This is because they do not exist. They have been fabricated en masse and added to the account by a company that sells fake social media followers to anyone looking to bolster an online reputation. Barrett says that neither he nor his team had any knowledge of or involvement in buying his followers and an internal investigation has been launched.
His Twitter account soared from 330 followers on June 28 to 17,014 by July 9, adding more than 1,000 accounts every day. By comparison none of the other candidates in the Lincolnshire election has more than 1,500 Twitter followers.
A source close to Barrett’s campaign said: “We think perhaps it was the work of an over-enthusiastic supporter as Mervyn would never dream of doing something like this.”
The case highlights a growing trend on the microblogging site, where the number of followers a user attracts is often seen as an indicator of social influence. Bloggers, businesses, publications, entrepreneurs, models and aspiring artists and performers are among those feeding a boom in “buy more followers” websites.
The Sunday Times created a dummy Twitter account and in four days bought 4,500 followers from three websites for a total of £35.
As with Barrett’s followers, most of the purchased accounts were transparently fake. One account had the photograph of a teenage boy who had tweeted only once to say he was running late for school. His profile, however, was that of a chain of garden centres in New Mexico.
One of the sites that sells followers, buyfollowerstwitter.co. uk, was set up two months ago by an unemployed former accountant operating from a house in Warrington, Cheshire. While there is nothing illegal about the business, the 28-year-old, who declined to give his name, admitted his activities were “a bit seedy and not a nice thing to be associated with”.
His website offers a range of packages from the “ideal beginner package” of 500 Twitter followers for £13, to a bulk special of 200,000 for £79. “Now it’s all set up, it only takes me about 10 to 15 minutes per order,” he said.“I just sit there in my underpants for 10 minutes a day.”
The man has made £8,000 from the business but claims it is still small scale in the “lucrative” fake follower market. He buys the fake followers from an American wholesaler, Al Delgado, 28, from Brooklyn, New York, who runs FanMeNow.com, which makes an estimated $10,000 (£6,300) a day.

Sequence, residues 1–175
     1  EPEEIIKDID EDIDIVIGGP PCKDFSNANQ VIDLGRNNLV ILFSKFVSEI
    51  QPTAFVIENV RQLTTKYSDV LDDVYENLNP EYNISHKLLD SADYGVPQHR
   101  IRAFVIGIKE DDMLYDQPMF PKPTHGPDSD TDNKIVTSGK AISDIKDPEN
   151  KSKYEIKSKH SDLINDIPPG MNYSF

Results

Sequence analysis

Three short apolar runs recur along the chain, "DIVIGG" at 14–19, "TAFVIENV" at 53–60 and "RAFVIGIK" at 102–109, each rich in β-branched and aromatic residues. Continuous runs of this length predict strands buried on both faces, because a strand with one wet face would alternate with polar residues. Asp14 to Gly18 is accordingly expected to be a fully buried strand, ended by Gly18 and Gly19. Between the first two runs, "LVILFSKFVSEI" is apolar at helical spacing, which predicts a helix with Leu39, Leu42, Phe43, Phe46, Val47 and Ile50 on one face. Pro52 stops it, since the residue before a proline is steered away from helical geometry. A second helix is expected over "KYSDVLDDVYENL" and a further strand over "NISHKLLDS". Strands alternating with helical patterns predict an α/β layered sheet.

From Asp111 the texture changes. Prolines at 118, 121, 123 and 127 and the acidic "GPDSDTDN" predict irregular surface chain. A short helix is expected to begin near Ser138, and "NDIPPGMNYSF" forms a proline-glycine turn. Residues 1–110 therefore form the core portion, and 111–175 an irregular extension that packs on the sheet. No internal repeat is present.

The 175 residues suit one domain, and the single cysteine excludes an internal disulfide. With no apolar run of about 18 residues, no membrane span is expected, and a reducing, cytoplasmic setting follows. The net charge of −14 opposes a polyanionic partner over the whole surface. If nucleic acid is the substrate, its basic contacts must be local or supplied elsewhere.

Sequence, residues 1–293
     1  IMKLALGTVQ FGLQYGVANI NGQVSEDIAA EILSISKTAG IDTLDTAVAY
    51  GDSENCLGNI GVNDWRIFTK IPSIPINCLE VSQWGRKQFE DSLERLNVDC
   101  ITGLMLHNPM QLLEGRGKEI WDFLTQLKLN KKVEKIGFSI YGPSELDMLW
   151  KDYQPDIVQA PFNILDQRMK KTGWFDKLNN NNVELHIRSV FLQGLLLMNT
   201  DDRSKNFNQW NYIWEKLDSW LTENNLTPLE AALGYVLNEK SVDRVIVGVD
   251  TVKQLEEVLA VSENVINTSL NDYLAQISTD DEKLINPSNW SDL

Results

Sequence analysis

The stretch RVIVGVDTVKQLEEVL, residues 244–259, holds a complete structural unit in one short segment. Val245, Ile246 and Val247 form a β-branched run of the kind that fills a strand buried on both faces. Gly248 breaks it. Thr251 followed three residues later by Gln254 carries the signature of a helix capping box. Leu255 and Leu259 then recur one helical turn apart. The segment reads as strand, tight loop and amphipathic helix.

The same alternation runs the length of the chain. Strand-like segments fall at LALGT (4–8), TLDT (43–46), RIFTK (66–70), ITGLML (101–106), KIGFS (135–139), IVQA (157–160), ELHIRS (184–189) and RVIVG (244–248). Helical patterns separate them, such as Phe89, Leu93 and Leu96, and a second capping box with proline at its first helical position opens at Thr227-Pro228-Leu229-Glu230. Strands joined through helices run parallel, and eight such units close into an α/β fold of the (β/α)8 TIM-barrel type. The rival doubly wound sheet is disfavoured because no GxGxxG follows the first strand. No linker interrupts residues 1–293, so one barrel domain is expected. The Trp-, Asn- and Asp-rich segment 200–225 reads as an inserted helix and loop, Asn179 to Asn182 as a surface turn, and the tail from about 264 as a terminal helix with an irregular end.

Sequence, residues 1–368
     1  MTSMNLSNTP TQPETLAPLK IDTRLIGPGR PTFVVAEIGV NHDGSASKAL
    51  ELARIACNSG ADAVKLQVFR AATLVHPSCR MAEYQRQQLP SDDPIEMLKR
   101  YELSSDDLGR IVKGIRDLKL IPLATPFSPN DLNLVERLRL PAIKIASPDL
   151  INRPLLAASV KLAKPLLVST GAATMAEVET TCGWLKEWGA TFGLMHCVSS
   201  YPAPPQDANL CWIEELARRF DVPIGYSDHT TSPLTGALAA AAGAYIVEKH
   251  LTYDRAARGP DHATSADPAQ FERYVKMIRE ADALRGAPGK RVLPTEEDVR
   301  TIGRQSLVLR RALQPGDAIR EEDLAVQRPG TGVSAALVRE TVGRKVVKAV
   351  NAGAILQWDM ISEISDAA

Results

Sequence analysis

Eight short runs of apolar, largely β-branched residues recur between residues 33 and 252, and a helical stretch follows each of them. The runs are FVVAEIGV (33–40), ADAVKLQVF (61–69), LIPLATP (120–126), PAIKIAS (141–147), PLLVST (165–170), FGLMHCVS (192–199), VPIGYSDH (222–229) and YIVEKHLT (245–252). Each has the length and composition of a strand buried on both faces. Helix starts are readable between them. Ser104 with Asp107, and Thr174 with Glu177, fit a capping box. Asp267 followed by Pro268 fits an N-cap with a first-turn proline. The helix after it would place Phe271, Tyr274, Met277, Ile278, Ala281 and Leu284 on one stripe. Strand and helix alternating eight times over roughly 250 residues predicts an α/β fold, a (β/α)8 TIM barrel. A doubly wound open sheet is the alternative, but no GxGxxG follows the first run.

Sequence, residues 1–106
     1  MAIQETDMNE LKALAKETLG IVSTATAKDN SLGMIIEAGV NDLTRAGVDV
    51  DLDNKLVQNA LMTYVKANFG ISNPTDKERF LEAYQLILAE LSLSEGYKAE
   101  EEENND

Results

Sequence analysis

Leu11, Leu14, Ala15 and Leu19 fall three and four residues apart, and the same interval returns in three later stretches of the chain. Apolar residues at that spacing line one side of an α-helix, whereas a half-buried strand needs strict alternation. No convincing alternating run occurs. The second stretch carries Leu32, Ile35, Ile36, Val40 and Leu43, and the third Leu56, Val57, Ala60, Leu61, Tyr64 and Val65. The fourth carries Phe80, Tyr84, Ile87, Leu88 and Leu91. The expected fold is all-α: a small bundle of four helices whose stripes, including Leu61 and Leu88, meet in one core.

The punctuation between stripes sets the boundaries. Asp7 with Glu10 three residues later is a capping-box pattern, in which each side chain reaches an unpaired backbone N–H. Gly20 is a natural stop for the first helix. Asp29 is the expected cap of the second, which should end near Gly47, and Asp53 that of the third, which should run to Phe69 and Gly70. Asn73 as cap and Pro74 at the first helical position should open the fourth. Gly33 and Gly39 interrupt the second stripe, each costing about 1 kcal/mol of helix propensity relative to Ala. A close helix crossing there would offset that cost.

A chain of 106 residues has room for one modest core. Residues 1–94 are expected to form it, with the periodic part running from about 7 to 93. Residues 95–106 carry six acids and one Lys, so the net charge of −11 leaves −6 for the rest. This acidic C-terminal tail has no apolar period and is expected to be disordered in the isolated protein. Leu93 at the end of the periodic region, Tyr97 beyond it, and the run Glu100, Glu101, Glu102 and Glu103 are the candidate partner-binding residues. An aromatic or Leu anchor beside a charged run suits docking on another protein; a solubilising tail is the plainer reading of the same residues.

Most of his clients are musicians, models, photographers, comedians and porn stars, as well as resellers such as buyfollowerstwitter.co.uk.
Delgado is also just another link in the supply chain, as he buys all his fake followers from Chirag, a 19-year-old student, who lives 20 minutes outside Delhi. He purchases the ready-made fake profiles from online vendors based around Asia and then operates the software to make these accounts follow Delgado’s customers.
One million fake accounts cost Chirag about £4,000, but he is earning enough money from selling them on as “followers-for-hire” to put himself through university.
Alexandra Wilson, 37, a fitness and nutrition guru, bought 10,000 followers to give herself an entrepreneurial edge. “I go to educational marketing conventions as part of my line of business and it’s one of the things they told me about,” she said. “I heard about it, gave it a go, but it doesn’t work.”
Mark Shaw, a social media expert who advises on maximising the power of Twitter, said: “It’s not about how many followers you have, it’s about the number of listeners and if all your followers are fake, nobody’s listening to you.”
Additional reporting: Kadhim Shubber and Matt Stokes